The First Spooner Act of 1902 (also referred to as the Panama Canal Act, 32 Stat. 481) was written by a United States Senator from Wisconsin, John Coit Spooner, enacted on June 28, 1902, and signed by President Roosevelt the following day. It authorized purchasing the assets of a French syndicate called the Compagnie Nouvelle du Canal de Panama, provided that a treaty could be negotiated with the Republic of Colombia.
The syndicate, headed by Philippe-Jean Bunau-Varilla, sold at a price reduced from $110 million to only $40 million. US lawyer William Nelson Cromwell subsequently received a commission of $800,000 for his lobbying.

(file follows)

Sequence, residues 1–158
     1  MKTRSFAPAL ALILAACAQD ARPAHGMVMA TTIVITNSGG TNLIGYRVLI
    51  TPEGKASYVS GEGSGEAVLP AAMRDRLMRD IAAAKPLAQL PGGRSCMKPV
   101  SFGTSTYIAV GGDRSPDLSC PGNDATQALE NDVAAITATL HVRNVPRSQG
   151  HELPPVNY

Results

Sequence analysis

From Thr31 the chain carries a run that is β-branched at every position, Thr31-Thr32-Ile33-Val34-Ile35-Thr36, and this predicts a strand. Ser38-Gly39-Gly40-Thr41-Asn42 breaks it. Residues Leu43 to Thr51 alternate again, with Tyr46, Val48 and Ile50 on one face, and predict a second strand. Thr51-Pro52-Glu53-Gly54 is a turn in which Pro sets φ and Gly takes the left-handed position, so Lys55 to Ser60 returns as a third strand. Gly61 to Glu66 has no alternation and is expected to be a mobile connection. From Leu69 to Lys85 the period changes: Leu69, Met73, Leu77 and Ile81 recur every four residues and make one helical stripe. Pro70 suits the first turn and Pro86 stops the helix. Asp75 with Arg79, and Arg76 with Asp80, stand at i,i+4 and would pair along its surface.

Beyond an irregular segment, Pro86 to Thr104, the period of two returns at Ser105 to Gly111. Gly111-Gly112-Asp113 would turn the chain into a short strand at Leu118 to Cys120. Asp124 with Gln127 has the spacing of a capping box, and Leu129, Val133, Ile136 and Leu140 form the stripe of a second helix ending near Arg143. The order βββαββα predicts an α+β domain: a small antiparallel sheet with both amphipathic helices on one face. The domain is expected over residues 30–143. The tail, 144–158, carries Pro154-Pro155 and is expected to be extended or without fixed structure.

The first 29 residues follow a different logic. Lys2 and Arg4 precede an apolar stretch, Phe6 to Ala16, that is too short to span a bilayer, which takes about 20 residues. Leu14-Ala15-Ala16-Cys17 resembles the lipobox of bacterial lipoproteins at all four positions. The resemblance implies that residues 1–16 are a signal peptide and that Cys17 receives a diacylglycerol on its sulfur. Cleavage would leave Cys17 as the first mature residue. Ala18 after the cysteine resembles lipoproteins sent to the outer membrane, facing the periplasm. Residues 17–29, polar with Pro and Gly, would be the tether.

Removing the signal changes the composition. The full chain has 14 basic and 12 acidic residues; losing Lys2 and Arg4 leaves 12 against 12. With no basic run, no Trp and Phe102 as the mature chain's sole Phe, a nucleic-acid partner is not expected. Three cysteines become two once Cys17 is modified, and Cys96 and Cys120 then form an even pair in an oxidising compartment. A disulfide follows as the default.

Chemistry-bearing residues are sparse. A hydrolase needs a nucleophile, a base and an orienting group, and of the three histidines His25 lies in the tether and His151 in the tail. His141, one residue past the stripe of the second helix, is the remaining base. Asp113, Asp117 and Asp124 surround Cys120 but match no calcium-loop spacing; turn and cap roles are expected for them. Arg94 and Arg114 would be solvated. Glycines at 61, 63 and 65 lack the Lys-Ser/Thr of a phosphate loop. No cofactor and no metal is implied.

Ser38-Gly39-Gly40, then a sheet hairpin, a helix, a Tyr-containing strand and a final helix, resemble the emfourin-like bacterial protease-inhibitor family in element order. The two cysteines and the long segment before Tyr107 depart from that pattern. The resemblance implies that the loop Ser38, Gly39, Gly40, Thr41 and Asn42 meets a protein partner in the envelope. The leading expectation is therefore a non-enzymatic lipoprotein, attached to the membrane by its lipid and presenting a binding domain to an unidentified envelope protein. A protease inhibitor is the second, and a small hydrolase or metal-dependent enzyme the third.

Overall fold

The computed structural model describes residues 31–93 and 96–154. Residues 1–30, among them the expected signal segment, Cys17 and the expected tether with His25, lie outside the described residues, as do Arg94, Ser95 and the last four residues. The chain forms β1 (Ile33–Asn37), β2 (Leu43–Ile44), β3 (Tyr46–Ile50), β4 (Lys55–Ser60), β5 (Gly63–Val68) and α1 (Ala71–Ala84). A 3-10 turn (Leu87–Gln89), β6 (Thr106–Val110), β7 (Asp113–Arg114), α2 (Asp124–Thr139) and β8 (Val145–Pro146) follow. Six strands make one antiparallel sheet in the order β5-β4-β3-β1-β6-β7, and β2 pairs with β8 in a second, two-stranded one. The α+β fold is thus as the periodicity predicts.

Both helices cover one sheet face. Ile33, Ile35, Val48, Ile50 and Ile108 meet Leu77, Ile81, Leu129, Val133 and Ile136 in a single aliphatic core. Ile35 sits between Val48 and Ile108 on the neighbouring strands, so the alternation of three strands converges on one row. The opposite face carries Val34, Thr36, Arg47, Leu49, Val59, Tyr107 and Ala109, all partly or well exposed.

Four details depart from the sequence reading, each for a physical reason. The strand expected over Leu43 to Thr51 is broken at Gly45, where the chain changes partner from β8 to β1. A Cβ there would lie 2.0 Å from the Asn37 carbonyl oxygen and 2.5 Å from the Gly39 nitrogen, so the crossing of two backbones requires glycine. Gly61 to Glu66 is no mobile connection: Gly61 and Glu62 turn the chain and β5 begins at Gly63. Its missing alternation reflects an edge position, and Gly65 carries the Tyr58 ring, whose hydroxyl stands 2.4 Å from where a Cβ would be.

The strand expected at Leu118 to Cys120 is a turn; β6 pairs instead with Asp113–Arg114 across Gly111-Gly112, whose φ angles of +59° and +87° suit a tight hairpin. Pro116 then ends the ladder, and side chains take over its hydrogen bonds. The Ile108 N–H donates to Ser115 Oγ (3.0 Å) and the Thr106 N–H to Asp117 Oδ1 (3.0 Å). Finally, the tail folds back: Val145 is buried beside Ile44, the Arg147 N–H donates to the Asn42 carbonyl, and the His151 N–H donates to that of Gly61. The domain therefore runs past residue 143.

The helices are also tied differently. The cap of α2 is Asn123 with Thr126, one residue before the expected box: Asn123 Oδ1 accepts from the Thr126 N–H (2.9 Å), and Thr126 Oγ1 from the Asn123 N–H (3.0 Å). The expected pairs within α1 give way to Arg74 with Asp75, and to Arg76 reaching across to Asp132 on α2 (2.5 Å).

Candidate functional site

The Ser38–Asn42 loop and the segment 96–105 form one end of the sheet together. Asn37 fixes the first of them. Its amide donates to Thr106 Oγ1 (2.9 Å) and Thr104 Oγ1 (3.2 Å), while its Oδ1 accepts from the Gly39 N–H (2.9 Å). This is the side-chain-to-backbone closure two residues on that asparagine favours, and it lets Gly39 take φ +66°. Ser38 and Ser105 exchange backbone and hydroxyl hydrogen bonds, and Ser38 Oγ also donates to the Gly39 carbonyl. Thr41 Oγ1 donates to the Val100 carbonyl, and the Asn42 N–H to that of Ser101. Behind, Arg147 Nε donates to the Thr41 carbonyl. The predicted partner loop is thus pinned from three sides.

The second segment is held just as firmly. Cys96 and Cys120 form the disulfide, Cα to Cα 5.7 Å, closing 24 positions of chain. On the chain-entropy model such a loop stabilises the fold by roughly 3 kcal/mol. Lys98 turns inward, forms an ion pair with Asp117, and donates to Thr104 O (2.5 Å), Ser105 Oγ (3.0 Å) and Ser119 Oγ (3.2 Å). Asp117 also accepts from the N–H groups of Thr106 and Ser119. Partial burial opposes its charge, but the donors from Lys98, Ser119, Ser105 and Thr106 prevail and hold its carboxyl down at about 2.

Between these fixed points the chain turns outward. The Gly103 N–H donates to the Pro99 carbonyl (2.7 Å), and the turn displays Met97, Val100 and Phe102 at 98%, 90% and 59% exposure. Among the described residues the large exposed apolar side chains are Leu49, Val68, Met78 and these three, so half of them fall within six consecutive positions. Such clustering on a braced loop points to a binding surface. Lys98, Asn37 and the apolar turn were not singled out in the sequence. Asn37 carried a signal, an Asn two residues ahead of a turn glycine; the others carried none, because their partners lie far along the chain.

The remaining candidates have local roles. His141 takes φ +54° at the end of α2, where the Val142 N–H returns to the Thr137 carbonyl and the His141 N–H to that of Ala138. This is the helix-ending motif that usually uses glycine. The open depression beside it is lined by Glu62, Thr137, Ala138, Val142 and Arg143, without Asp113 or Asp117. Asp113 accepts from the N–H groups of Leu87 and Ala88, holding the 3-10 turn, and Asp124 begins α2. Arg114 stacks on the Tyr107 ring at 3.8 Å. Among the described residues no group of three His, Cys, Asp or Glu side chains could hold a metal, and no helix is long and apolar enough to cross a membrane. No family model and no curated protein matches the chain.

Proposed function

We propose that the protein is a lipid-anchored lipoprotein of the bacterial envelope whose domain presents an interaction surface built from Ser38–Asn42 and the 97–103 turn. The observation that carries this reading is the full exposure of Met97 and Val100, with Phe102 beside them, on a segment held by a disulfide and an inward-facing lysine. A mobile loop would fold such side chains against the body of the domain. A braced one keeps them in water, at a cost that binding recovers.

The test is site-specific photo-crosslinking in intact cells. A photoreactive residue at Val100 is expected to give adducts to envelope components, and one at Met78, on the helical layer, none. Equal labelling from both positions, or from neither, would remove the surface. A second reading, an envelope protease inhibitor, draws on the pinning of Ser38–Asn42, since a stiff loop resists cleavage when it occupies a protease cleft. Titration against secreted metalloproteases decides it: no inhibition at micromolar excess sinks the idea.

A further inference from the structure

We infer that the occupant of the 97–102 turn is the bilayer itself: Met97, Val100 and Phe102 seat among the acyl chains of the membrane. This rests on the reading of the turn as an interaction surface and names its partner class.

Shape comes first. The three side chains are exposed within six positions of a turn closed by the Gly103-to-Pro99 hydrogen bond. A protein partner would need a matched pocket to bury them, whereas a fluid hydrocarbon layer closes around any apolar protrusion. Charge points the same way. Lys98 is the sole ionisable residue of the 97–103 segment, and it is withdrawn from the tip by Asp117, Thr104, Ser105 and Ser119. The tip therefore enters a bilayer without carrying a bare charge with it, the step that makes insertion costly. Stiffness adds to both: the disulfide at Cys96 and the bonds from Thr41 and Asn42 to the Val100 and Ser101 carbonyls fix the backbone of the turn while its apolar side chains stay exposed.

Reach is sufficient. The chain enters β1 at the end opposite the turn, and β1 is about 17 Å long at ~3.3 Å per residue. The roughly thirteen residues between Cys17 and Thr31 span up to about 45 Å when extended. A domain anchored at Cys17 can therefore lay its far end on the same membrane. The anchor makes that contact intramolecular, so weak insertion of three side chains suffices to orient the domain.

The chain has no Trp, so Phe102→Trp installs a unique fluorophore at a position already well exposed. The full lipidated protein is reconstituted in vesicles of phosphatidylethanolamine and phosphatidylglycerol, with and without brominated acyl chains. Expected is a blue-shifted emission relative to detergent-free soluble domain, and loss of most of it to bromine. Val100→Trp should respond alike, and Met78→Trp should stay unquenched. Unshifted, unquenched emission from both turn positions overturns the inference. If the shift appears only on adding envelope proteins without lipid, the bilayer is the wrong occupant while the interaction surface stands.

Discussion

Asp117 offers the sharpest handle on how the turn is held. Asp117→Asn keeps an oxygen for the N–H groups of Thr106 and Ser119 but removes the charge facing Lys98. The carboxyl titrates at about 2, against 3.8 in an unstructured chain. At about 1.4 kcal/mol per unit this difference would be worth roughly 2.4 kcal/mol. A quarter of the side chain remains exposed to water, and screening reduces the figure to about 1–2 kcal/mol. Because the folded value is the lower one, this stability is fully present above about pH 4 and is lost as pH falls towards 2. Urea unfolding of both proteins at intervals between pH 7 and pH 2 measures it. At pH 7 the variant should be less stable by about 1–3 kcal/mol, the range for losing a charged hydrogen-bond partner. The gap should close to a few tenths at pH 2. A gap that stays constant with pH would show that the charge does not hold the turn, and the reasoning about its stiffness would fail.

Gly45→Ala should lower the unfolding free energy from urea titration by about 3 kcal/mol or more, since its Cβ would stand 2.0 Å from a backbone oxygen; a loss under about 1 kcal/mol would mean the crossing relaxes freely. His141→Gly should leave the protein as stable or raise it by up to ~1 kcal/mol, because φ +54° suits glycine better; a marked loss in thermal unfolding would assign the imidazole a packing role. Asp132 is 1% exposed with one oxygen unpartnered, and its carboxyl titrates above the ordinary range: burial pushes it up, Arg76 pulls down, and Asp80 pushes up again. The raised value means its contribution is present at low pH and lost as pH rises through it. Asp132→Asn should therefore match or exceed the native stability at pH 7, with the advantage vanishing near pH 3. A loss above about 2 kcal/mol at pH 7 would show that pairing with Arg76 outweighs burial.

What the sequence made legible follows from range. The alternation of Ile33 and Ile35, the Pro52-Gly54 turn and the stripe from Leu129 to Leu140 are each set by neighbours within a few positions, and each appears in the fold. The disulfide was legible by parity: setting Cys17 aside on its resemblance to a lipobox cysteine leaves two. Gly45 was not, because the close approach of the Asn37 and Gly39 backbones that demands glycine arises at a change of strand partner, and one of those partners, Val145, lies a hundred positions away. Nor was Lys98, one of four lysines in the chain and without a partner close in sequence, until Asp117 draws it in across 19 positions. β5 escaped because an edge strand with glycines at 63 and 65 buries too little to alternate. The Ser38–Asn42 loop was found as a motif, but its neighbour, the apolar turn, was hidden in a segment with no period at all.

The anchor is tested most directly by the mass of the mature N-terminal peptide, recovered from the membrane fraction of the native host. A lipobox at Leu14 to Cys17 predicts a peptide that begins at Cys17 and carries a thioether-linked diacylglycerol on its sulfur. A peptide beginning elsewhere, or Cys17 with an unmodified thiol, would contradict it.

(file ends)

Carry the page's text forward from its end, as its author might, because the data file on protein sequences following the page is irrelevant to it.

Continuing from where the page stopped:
The Spooner Act was followed by the Hay–Bunau-Varilla Treaty of November 18, 1903.
- "Records of the Panama Canal". US National Archives. Retrieved 12 January 2014.
- "Panama Canal Act ". History Central. Retrieved 12 January 2014.
- "AMERICAN CANAL CONSTRUCTION". Panama Canal Authority. Retrieved 12 January 2014.
- Kinzer, Stephen (2007). "3. From a Whorehouse to a White House". Overthrow: America's Century of Regime Change from Hawaii to Iraq. pp. 56–62.
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